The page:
Caffeine does not have to be avoided altogether, but it should be limited somewhat. Most professionals advise not consuming more than 250-300 mg of caffeine a day. That is about 2 good sized cups of coffee. More than this may affect the sleeping habits of your baby and you and may make them irritable or fussy. Watch out for caffeine in chocolate and tea as well as caffeine in these two substances also counts towards your recommended daily limit.
It is okay to enjoy sushi again, but watch out for tuna, mackerel, shark, swordfish, and tile-fish because these fishes contain high amounts of mercury which can be toxic to your baby’s nervous system. Salmon is a great substitute for some of these choices as it is high in protein and essential omega-3s which are crucial for brain development and functioning.
While not specifically foods, there are herbs, such as peppermint and parsley that, in large amounts, can reduce your breast milk supply or can be harmful to mother or baby when present in the breast milk. Many of them are not commonly consumed unless you use a lot of herbal remedies or drink large amounts of herbal teas.
For a full list of herbs and their effects, refer to: www.earthmamaangelbaby.com
The herbs that can reduce your breast milk supply usually only have this effect when taken in large amounts, so unless you eat lots of parsley, drink liters of peppermint or spearmint teas, or cook with lots of jasmine and sage, you should be fine. However, if you do notice that one of these herbs has this effect, it is best to reduce your use.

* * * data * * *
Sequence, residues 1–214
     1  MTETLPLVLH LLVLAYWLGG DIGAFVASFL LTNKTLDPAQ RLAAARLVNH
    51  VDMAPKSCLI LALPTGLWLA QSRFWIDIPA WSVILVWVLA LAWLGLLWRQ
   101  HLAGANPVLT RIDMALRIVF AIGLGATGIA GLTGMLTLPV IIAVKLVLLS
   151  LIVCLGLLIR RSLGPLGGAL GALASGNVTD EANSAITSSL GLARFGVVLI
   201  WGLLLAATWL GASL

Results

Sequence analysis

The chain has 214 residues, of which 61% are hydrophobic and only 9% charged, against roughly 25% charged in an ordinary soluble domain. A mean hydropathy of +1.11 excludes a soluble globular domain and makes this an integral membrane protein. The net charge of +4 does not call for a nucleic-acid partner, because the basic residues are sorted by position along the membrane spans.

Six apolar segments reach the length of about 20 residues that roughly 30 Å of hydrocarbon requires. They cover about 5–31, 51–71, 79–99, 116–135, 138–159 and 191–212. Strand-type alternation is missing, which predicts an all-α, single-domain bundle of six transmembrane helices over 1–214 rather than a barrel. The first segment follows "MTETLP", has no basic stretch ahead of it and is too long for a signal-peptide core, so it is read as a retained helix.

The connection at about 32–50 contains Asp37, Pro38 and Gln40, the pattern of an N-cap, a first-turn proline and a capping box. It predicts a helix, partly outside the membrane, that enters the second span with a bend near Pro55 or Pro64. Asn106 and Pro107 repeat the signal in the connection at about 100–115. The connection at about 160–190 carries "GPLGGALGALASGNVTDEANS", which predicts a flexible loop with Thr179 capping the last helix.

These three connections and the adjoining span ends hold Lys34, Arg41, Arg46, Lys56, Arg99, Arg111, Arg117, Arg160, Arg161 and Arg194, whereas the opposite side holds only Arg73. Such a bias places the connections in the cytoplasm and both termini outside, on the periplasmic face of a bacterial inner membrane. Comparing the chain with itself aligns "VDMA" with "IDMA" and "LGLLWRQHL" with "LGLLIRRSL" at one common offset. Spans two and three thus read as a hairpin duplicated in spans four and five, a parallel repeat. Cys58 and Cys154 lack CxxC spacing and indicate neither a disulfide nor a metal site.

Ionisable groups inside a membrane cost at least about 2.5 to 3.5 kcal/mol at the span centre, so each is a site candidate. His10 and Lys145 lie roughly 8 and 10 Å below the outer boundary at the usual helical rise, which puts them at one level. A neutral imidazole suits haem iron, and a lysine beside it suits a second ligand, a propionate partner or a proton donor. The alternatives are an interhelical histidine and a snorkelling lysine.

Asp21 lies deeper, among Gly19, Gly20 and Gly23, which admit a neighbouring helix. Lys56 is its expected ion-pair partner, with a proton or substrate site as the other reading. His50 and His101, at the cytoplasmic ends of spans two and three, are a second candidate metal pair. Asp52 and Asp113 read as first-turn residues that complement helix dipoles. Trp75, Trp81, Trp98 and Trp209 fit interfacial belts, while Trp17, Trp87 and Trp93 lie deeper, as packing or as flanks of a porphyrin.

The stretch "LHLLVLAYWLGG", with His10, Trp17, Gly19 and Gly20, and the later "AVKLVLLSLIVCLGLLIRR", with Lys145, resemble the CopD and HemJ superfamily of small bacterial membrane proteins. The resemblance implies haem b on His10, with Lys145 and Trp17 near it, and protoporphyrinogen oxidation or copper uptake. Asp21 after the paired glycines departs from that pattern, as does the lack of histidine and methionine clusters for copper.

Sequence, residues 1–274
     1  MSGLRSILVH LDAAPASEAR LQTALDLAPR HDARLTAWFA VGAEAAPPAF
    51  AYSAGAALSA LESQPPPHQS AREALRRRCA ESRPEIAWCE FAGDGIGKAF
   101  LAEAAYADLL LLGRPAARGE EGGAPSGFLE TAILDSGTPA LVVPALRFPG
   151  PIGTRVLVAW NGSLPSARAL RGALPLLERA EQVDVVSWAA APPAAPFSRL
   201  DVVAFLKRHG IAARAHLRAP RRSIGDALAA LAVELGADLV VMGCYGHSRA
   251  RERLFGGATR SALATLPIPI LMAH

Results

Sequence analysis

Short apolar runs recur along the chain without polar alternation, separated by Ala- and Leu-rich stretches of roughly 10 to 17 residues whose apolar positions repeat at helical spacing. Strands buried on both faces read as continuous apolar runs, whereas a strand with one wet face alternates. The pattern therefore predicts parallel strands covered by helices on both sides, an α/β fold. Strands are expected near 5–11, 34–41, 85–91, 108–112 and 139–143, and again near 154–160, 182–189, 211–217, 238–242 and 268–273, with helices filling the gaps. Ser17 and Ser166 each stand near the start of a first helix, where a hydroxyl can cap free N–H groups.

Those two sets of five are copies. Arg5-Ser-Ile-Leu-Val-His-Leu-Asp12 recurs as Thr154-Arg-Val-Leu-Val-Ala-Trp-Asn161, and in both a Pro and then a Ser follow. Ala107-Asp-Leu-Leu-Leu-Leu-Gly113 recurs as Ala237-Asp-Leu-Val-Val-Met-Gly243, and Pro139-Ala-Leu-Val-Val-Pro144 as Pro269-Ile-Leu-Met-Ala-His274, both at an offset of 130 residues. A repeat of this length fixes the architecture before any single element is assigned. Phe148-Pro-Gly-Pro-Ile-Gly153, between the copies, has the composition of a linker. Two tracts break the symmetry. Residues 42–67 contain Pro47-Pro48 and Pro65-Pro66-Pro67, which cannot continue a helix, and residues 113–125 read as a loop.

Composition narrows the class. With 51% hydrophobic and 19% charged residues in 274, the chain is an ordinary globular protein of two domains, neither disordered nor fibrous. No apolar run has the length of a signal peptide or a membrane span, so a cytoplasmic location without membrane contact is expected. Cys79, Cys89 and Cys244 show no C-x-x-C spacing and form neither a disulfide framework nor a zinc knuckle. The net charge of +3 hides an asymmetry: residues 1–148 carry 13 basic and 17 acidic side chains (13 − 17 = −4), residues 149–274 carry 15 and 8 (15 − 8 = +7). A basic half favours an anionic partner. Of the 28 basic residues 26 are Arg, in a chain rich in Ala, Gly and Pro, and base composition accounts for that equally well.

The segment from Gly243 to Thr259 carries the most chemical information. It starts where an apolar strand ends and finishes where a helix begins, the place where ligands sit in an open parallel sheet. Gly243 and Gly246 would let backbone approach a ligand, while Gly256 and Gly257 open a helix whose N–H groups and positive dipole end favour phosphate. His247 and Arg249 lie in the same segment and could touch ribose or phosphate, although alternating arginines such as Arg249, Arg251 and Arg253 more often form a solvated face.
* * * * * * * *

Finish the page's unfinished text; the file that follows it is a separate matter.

Let’s talk medications. Most medications are safe to take when breastfeeding. Again, only about 1% or so of the medication ends up in your breast milk and will have little effect on your child. However, if you are unsure, it is best to check LactMed, an online database on the interaction of medications and lactation.
LactMed is a great resource! I have found that it is much more reliable than most doctors. Many doctors aren’t really aware of how medications affect your breast milk, especially with new ones flooding the market weekly, and will often tell you not to breastfeed when using something they prescribe. This is the last thing you want to tell a new mom who is already stressing about so many things. Especially when it often isn’t true, they would just rather be safe than cause harm to you or your child. Informing your self is your best defense in this case.
Other than alcohol, caffeine, medication, some herbs, and fish high in mercury, unless you or your child have known allergies, sensitivities or a condition like celiac’s disease, there is no real reason to limit your diet. This however, is not a reason to bust out the potato chips or candy. Just as when you were pregnant, the food and beverages you consume literally provide the fuel for your baby. It’s best to stick to whole, healthy foods like organic, grass fed meats, whole dairy products, organic vegetables and fruits and whole grains. Avoiding the extra salt, sugar and preservatives in processed foods is better for both of you now and in the future.
I hope this information has been helpful and will lead to a stress free breastfeeding relationship for you and your sweet one. Happy nursing!
Rachel Reeves is a mother of two, a doula, childbirth educator, a breastfeeding counselor and an M.S.W. She has lived in Palestine, Honduras, and most recently Seoul, South Korea. She currently resides in Michigan in the U.S.A and enjoys supporting women, teaching classes and writing about anything birth, baby or parenting related.